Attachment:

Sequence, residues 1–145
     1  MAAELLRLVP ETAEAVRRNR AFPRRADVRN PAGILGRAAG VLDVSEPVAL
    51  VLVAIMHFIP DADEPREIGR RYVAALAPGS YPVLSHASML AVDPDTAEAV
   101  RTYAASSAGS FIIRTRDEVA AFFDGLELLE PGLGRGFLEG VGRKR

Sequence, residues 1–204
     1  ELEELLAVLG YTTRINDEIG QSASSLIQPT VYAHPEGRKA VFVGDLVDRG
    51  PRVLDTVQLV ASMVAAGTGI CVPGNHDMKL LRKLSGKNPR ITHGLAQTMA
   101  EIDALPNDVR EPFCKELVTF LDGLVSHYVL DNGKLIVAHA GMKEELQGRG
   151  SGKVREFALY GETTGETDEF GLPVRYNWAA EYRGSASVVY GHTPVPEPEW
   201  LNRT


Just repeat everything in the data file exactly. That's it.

Sequence, residues 1–145
     1  MAAELLRLVP ETAEAVRRNR AFPRRADVRN PAGILGRAAG VLDVSEPVAL
    51  VLVAIMHFIP DADEPREIGR RYVAALAPGS YPVLSHASML AVDPDTAEAV
   101  RTYAASSAGS FIIRTRDEVA AFFDGLELLE PGLGRGFLEG VGRKR

Sequence, residues 1–204
     1  ELEELLAVLG YTTRINDEIG QSASSLIQPT VYAHPEGRKA VFVGDLVDRG
    51  PRVLDTVQLV ASMVAAGTGI CVPGNHDMKL LRKLSGKNPR ITHGLAQTMA
   101  EIDALPNDVR EPFCKELVTF LDGLVSHYVL DNGKLIVAHA GMKEELQGRG
   151  SGKVREFALY GETTGETDEF GLPVRYNWAA EYRGSASVVY GHTPVPEPEW
   201  LNRT